Does it KLAPS? 👏
An OKR Rubric
Objectives and Key Results (OKRs) are everywhere in the tech industry. Teams set them. Execs love them. Job postings mention them. A few colleagues of mine have even created “personal OKRs.” They are an effective tool for aligning teams and accomplishing ambitious objectives.
Our company, like many others, has spent countless hours discussing, dissecting, and evaluating OKRs. We have also, like many others, crafted some pretty terrible OKRs.
We’ve chosen objectives that were unattainable, metrics that were impenetrable, and results that looked vastly different than our original objective.
We’ve set some pretty great objectives too — ones that galvanized the team and led us to tremendous results. After dissecting our OKR victories and missteps, we learned the key to our team’s success was choosing the “right metrics.”
Why do metrics matter?
Key Results are where your Objectives come to life. The metrics you choose make all the difference. Choosing a “bad metric” makes your OKR outcomes meaningless.
Confidently measuring progress towards your objectives is key. Without this, team conversations center on poking holes in the metric itself instead of the progress you are (or aren’t) making and what you should do about it.
After years of crafting Key Results, our R&D team has started asking, “does it KLAPS?” This question ensures we aren’t just tracking metrics, we are tracking Key Results.
KLAPS: A rubric for creating reliable KRs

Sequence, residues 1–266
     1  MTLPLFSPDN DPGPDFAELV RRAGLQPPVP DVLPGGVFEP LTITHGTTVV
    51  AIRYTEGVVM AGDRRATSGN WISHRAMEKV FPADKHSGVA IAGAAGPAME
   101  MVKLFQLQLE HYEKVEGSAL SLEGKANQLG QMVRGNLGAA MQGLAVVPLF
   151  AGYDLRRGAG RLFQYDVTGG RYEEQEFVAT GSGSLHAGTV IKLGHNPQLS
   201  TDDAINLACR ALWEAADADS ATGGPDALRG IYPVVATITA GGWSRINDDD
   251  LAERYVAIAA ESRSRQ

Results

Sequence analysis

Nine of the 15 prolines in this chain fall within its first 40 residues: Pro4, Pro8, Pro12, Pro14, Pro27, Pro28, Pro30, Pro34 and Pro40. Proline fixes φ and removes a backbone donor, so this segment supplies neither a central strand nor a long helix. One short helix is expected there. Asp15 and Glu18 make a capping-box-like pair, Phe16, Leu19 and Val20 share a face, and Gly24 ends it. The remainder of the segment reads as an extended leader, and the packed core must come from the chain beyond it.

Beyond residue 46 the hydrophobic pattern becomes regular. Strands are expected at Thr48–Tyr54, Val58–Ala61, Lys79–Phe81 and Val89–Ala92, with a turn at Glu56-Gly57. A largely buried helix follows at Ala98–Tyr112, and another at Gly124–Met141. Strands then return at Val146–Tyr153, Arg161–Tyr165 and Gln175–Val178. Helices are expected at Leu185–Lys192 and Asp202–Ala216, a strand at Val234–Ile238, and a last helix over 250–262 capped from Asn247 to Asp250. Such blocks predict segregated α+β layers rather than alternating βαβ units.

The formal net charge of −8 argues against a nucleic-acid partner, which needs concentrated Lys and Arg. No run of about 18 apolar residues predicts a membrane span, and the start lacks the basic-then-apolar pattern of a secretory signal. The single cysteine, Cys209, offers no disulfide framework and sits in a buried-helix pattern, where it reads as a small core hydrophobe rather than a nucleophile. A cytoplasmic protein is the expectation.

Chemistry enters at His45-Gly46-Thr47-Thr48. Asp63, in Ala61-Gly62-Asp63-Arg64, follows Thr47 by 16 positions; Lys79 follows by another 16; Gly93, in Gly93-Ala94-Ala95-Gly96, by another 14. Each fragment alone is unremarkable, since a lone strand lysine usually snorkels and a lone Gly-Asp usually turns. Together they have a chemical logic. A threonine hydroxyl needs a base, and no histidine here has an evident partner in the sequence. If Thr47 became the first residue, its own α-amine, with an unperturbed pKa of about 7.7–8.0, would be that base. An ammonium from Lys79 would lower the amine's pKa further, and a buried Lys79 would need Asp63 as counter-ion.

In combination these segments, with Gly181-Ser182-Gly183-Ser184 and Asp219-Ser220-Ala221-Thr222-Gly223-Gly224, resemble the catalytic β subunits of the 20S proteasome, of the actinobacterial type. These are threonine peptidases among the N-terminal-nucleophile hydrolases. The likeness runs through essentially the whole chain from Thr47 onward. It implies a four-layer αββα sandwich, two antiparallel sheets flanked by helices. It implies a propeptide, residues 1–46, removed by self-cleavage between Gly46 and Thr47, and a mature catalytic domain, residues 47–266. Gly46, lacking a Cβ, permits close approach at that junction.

Is this Key Result something we have discussed and/or done discovery on before? Is this something we can start delivering on right away?
Our OKRs are set quarterly, and quarters go by quickly. If we’ve never thought about this potential Key Result before, it’s unlikely that the R&D team will be able to do discovery and ship solutions in time to see any movement in the metric.
Starting from square one almost always means we won’t deliver solutions in time to see metrics change.
Is this Key Result a leading indicator (NOT a lagging one)?
This is a trap that is easy to fall into. Many well-known metrics are lagging, like NPS scores. These are not the right metrics to choose for your Key Results.
It’s crucial to see progress and results during the quarter as you work towards your objectives so that you can course-correct when needed. You don’t want to be working blindly all quarter.
Is this Key Result uniquely within the scope of our team?
Cross-team collaboration is crucial to all companies, but for Key Results, it’s never good to rely on things outside of your team’s purview. It is our team that is evaluating, monitoring, and ultimately accountable for our OKRs. We need to ensure that it is fully in our team’s power to drive towards our objectives.
Will this Key Result tell us if we’re succeeding in making progress towards our objective (and not tell us that we have succeeded)?
Key Results help us measure success towards a larger objective, but we know the work will never be “done.” OKRs should never be binary. They don’t exist to check a box, be a to-do list, or consider something complete. They are the incremental steps that bring us closer to fulfilling our company’s mission.
Does this Key Result have a narrowly defined scope and/or is catered towards a specific persona or segment?
A defined scope helps us execute on the right things. We can’t boil the ocean in one quarter. Key Results that have an intentional focus help us prioritize the right solutions and channel our efforts in a specific direction.
OKRs are squishy and hard to conceptualize. Key Results help us translate Objectives into action, and choosing the right metrics is crucial. The KLAPS rubric guides our team towards effective and reliable Key Results.